Born 1865, Hämeenlinna, Finland

Died 1957, Ainola, Finland

Art-making is often followed by myth-making. We fixate on creation stories: a symphony was “sparked by the death of a loved one,” or “inspired by a trip down the Mississippi.” These stories are often contentious: occasionally verifiable, mostly fictional.

Jean Sibelius’ Night Ride and Sunrise is surrounded by a bevy of myths. Sibelius hinted that the piece was inspired by a sled trip through the Finnish winter: “The whole heavens were a sea of colors that shifted and flowed, producing the most inspiring sight,” he wrote, “until it all ended in a growing light.”

Later, Night Ride was the result of a springtime trip to Rome, where he saw the Colosseum at midnight. Still later, he imagined “riding through the forest gloom. Sometimes glad to be alone with Nature, occasionally awe-struck by the stillness, but thankful and rejoicing in the daybreak.”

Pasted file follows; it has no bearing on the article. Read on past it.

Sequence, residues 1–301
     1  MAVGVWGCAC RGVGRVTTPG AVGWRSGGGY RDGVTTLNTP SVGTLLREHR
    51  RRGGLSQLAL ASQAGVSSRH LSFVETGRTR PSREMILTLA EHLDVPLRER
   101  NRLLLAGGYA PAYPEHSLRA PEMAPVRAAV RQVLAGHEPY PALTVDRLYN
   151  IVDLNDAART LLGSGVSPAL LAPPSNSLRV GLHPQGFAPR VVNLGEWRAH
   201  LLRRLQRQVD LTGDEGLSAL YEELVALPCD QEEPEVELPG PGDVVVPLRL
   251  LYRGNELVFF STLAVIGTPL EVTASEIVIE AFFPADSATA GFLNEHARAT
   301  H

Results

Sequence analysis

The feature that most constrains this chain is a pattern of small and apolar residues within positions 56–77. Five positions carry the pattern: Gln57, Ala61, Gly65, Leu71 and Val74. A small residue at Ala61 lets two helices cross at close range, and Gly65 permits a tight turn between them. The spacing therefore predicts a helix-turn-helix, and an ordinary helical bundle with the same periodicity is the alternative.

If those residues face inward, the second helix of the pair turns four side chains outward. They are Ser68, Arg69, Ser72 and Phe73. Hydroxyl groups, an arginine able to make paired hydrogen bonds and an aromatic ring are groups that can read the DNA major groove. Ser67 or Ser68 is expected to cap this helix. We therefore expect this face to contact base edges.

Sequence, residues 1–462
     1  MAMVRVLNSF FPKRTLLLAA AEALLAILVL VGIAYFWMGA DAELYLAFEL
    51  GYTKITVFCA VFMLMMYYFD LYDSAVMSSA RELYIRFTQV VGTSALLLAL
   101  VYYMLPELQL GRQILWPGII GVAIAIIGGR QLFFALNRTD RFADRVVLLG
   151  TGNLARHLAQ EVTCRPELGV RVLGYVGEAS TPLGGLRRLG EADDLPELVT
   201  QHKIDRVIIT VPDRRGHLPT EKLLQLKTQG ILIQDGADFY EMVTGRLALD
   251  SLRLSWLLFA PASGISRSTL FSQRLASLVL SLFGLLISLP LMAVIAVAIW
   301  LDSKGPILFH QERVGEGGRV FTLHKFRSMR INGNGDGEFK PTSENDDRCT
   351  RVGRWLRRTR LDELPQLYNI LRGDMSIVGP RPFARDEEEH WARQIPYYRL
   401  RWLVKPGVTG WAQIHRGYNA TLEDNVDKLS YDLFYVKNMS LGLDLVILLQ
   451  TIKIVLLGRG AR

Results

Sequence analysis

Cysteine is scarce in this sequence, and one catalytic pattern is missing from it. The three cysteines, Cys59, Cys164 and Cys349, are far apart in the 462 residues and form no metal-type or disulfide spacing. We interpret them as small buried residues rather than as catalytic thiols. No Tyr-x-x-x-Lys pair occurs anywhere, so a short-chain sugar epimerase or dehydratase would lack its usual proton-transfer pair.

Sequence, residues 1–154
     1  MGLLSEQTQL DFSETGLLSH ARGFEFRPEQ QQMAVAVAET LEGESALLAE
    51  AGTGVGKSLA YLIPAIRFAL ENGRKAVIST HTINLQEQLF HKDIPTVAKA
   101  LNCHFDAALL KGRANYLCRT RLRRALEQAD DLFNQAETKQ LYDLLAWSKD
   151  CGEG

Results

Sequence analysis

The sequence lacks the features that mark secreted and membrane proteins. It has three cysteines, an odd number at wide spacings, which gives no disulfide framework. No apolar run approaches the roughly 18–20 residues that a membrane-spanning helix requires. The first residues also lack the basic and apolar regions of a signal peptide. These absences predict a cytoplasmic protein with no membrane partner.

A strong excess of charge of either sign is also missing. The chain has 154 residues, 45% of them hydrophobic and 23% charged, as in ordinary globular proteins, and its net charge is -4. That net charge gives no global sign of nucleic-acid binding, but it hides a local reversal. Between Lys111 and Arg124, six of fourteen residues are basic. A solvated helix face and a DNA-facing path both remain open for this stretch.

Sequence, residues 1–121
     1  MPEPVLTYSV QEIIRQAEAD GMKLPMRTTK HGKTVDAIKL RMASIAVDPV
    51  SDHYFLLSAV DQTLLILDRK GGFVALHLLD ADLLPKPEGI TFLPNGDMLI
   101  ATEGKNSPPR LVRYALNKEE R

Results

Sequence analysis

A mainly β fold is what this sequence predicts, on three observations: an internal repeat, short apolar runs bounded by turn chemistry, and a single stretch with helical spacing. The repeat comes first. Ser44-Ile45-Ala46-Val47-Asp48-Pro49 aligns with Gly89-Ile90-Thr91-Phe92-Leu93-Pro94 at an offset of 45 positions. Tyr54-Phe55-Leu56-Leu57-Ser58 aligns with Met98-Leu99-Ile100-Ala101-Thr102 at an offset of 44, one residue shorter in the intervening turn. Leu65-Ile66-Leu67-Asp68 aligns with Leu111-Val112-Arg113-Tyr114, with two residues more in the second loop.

Let’s stick to the facts. Sibelius was in his forties, with almost a decade of artistic and popular successes behind him. He was weighed down by alcoholism, insecurity, financial worries, and ill health. Much of his music was sketched between days-long binges in Helsinki bars.

Night Ride and Sunrise belongs to a genre called the “tone poem.” Here, external inspiration—sight, sound, or text—sparks the music’s creation. Sibelius felt fully at home in this genre. “This is my genre!”, he wrote. “Here I can move freely without feeling the weight of tradition.”